John Sory:
The words you can physically invert, you can visually see the as the wound heals and when you can see what you’re doing and see the impact of it, you know, you’re a part of that. It’s very rewarding. And I think that’s what drives a lot. So there’s opportunity ahead. We’re still, which is still relatively small in a growing market. We’re seeing that even with what’s happened in the last year with COVID, what have you, that the people have not been going into nursing homes at the same rates as before. Occupancy rates have been declining in part because it was concern over what would happen. We’re seeing that turn around now. I mean, for folks to get vaccines for covid, we’re nursing homes. So some people are saying it may soon be the safest place in America to be because they’ll be so well vaccinated. So we’ll supported it. So we’ll see that upturn again and we’re continuing to grow. And that’s very rewarding. So we like what we do.

Saul Marquez:
That’s fantastic. John, your passion is palpable and just kind of considering your experience and kind of what you’ve done, what you did with the university, and expanding these programs internationally. I mean, the care that you provide, I mean, it’s without borders. So this is something that could be meaningful across the globe and is certainly exciting to hear and see the work that you guys are making such a difference with. This has been fun. I’ve truly enjoyed spending time with you and I’m sure the listeners have to. So, John, give us a closing thought and then tell the listeners that are interested in learning more where they could get in touch with you.

John Sory:
First, if there are physicians who are listening. If this sounds interesting, know, we like I said, we’re growing. We’re in twenty-eight states. Maybe if you’re one of the communities where we’re looking for support, I can tell you that we have a sense of urgency as there is demand. And we’d love to talk to you. We can talk about primarily surgeons, say a general surgery or surgical subspecialty, the family medicine. Internal medicine is the primary areas. But we have covered many different specialty groups that join our practice. So if you’re interested, that’s one thing. The second is if anybody has a family member in a nursing home, go see them. I mean, it’s a very I’ve been into a number of nursing homes and it’s the place where you make sure you take a few minutes to see and give some care to the person that’s there. And the third is that so much of our health is somewhat controllable. You know, they talk about how much is connected to genetics and how much is connected to the environment and how much it’s connected to behaviors. If you don’t take care of yourself, you might find yourself suffering from somewhat would have been avoidable causes long term. And some of the drivers we talk about are things like obesity or other chronic diseases that if you act now, maybe you won’t you won’t suffer from those.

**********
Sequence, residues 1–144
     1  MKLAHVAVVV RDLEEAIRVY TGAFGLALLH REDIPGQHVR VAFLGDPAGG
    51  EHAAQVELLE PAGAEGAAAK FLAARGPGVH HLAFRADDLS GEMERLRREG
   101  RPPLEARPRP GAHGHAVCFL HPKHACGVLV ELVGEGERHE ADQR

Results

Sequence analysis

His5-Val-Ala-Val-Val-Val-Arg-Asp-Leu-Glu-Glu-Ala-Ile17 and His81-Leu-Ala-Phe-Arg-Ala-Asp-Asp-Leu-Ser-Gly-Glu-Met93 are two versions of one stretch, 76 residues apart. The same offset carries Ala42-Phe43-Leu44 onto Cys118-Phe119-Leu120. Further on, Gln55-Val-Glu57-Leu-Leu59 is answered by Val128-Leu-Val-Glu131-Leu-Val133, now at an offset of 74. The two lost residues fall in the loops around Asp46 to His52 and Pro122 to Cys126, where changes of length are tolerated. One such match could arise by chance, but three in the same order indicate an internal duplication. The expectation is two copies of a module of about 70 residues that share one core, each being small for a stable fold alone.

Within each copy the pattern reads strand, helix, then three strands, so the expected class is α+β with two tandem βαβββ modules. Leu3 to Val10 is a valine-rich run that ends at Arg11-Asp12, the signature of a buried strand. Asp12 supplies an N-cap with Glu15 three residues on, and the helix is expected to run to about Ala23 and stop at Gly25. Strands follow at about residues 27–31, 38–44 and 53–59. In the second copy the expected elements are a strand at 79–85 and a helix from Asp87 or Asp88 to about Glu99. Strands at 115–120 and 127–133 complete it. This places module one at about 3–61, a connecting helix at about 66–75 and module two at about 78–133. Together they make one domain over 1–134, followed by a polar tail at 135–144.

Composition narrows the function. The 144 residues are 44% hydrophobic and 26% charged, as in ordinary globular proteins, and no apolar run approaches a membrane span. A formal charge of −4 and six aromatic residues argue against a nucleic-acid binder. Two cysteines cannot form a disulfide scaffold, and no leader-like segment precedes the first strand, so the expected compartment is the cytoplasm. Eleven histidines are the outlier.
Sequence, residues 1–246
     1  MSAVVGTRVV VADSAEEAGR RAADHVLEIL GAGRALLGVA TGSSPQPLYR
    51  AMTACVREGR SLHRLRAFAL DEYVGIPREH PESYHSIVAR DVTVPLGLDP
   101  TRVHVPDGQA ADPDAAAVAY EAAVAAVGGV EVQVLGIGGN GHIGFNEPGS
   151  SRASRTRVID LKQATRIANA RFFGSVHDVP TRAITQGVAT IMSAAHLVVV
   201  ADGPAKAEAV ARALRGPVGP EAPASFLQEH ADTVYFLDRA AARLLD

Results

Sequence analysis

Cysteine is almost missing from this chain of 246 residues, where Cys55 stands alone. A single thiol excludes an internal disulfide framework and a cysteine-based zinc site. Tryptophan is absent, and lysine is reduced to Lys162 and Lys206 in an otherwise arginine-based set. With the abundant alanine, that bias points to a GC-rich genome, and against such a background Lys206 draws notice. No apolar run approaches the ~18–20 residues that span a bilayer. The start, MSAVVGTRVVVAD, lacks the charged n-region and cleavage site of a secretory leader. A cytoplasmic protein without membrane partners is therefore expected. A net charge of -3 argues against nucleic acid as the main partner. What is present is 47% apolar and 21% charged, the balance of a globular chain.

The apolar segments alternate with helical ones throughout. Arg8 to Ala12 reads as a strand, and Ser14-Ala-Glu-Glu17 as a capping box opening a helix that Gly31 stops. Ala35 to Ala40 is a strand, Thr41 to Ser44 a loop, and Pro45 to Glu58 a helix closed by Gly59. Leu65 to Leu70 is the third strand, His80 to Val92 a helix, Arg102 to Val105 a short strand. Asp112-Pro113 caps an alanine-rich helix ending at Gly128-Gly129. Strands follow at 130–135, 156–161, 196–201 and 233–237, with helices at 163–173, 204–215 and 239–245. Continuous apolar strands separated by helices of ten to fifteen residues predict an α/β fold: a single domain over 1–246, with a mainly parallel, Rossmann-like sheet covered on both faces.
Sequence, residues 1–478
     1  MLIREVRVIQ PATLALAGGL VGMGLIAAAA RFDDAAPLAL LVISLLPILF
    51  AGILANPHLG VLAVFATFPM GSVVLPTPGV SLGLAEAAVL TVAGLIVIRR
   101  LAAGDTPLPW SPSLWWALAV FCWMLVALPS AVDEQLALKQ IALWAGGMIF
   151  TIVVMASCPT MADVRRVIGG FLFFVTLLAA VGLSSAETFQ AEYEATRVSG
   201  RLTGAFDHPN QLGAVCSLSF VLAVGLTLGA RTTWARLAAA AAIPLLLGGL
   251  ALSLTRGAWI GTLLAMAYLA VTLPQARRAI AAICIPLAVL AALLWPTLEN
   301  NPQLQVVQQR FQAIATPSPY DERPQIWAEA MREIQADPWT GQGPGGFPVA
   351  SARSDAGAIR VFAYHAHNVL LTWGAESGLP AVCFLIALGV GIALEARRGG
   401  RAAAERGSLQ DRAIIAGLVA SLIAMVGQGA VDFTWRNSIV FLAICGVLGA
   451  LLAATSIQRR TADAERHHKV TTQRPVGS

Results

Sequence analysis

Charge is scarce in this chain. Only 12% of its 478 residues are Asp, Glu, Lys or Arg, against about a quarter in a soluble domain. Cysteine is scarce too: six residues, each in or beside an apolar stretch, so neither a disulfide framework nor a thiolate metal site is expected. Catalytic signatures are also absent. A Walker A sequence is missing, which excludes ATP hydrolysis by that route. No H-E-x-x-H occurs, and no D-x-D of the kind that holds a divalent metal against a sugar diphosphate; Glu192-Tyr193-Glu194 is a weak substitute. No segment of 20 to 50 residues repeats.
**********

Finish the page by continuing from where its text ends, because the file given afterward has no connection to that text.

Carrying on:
John Sory:
But we see the effect of that many years later. And I just encourage us all to be mindful, know we have a chance to think hard about it. And it just feels like we see in the stuff that comes back to haunt people. And I would be remiss if I didn’t think that we all have a sense of responsibility to ourselves and to our family to take care of ourselves and try to make sure others do the same. Maybe that’s not my place to say, but I guess it feels to me like when you see it. But it’s like it feels important if you do have a family member who’s going into a nursing home, there are some high-quality ones out there. We’ve actually identified some as we’ll call it, wound care centers of excellence, which are very, very good at taking care of patients with wounds. I encourage you to look for those kinds of nursing homes for those that you’re treating or taking care of. And I think that we’re we’re on a good trajectory in terms of being really, really wise with what we need to do to take better care of people all across the health care continuum. So I’m very positive, optimistic that way.

Saul Marquez:
John, thank you. Some great closing thoughts there and certainly great message, I think well in line. I mean, we all have that power to make the decisions that are going to make us healthy, those behavior, those health, those lifestyle choices that ultimately matter. So appreciate you calling that out. And also, if you do have somebody in a nursing home, by all means, you know, just visit them, take care of them. I think John’s message just is awesome. It’s spot on with all of us. And so, John, I just want to say thank you. And it’s Vohrawoundcare.com. Anywhere else that you would suggest the listeners reach out to you guys?

John Sory:
Well, if this resonates with anybody, you can always email me. My initial jsory@vohraphysicians.com.

Saul Marquez:
0utstanding. And we’ll leave that in the show notes for everyone, including the links to their website. And certainly looking forward to seeing how you guys evolve. John And we appreciate all the insights you’ve shared today.

John Sory:
Very well. Thank you, Saul. So I really appreciate the invitation, the opportunity.

Saul Marquez:
My pleasure.

Saul Marquez:
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Things You’ll Learn

  • Be mindful. 
  • Have a sense of responsibility to ourselves and to our family to take care of ourselves. 
  • So much of our health is somewhat controllable. Much is connected to genetics, environments, and behaviors. 
  • If you don’t take care of yourself, you might find yourself suffering from something that would have been avoidable for the long term.
  • People working in nursing homes are working on the side of angels

 

Resources:

Email: jsory@vohraphysicians.com

website: https://vohrawoundcare.com/

LinkedIn: https://www.linkedin.com/in/johnsory